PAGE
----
I’ve heard two podcasts that contradict each other somewhat as far as what it is in red wine that’s good for you.
According to this Scientific American interview with Charles Bamforth it’s really the alcohol in wine that’s good for your arteries and so you might as well drink beer, and that in fact beer has some health advantages over red wine. Bamforth is the Anheuser-Busch Endowed Professor of Brewing Science at U.C. Davis. (Hmm…)
But according to the November 30, 2006 podcast from Nature, the procyanidins in red wine are particularly good for your arteries. While there may be health benefits from alcohol in general, red wine has unique benefits, especially red wines from certain regions.
Red wine contains the anti-oxidant resveratrol which has received a lot of press. Another Nature podcast (November 2, 2006) reports research that indicates resveratrol has increased life spans in experiments with yeast, flies, worms, and mice, and there is reason to believe it might do the same in humans. However, the amount of resveratrol in red wine is insignificant: you’d have to drink hundreds of gallons of wine a day to get a beneficial dose of resveratrol.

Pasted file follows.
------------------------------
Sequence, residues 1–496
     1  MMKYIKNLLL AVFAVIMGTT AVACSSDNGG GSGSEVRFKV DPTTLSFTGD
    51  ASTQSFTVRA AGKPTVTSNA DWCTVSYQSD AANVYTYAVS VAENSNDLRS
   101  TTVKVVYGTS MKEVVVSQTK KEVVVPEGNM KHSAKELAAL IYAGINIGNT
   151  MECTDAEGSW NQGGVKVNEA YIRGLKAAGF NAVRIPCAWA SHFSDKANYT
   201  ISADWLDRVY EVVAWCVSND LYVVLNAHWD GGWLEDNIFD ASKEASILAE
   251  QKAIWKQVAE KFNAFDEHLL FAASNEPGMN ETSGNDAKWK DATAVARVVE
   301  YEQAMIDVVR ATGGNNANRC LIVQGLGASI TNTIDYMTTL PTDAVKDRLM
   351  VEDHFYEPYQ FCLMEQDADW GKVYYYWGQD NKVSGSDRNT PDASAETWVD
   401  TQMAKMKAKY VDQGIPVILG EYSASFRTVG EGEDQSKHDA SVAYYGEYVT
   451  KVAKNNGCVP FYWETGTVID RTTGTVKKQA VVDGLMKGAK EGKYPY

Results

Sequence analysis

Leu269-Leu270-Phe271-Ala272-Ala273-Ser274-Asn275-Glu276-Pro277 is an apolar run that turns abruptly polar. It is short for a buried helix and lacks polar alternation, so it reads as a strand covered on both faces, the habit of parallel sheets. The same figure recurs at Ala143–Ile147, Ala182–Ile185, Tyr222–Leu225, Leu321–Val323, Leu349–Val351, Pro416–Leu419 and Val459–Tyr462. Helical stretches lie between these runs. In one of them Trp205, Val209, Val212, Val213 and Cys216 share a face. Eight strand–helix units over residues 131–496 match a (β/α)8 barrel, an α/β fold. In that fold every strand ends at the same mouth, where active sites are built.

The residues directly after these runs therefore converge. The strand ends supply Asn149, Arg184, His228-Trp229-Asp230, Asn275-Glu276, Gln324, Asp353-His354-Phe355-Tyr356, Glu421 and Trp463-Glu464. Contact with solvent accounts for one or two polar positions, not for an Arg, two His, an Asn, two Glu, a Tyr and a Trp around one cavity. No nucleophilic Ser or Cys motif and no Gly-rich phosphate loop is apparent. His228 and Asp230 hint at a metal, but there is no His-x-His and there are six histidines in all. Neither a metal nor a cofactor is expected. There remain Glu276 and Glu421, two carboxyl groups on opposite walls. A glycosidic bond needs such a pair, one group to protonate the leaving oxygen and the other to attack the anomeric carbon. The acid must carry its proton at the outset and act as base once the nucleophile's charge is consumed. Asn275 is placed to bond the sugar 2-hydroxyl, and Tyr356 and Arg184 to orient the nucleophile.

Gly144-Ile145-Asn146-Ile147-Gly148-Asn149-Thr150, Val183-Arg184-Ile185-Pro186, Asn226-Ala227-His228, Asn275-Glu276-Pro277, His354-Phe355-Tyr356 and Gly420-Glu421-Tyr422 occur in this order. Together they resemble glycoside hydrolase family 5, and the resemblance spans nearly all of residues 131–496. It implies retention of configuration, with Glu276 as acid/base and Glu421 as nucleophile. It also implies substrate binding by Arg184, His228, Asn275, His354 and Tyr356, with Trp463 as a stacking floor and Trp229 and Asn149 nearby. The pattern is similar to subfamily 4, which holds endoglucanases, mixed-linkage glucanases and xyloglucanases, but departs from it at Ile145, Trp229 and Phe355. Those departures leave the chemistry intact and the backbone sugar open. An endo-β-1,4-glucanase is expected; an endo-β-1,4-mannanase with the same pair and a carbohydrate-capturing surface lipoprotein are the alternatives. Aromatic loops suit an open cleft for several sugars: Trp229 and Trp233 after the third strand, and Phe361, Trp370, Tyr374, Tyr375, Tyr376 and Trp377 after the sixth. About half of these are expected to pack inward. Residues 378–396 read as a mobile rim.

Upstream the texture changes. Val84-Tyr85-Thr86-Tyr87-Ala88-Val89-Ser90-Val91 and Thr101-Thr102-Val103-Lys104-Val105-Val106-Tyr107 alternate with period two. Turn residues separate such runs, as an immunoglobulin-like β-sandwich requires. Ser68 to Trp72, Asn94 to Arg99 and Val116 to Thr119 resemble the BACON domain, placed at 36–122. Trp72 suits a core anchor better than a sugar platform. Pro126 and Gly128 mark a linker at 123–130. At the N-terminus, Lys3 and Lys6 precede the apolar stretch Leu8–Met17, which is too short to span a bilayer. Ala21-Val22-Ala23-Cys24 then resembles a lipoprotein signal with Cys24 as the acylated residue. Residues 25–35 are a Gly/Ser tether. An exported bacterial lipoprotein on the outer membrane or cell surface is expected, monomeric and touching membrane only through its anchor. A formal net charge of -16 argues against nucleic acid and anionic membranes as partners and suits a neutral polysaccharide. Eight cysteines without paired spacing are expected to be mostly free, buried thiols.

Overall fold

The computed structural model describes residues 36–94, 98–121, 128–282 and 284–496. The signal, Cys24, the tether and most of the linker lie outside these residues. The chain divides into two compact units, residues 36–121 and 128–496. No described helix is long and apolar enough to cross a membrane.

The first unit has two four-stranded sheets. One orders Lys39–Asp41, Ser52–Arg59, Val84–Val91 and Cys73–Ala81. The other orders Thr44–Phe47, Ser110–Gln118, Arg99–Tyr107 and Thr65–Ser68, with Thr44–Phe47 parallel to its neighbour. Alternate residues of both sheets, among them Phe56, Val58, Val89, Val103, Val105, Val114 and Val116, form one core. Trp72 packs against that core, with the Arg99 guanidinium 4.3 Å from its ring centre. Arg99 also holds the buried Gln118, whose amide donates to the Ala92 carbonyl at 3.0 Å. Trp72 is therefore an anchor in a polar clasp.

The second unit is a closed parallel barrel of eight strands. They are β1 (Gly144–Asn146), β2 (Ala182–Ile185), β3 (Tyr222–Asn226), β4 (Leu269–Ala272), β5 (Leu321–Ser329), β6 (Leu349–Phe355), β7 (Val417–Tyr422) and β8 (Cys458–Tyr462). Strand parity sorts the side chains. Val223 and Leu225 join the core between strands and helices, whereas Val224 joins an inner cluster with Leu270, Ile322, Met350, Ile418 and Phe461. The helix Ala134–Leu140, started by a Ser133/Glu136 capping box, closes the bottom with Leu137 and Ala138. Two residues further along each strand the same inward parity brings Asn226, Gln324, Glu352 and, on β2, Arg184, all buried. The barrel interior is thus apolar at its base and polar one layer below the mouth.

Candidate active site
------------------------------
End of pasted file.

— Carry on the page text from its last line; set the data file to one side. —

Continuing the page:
Unlike resveratrol, there are enough procyanidins in a glass of red wine to make a difference. This has been tested by extracting the procyanidins and testing it on cultured endothelial cells. Also, people live longer in the regions that produce wines especially high in procyanidins, namely Sardinia and southwestern France. Here’s the Nature article reporting the research.
It seems that it may not be the soil in certain areas but rather the wine making traditions that increase the procyanidin levels. Vintners in these areas leave the crushed grape seeds in with the juice longer.
Wine, Beer, and statistics
Wine and politics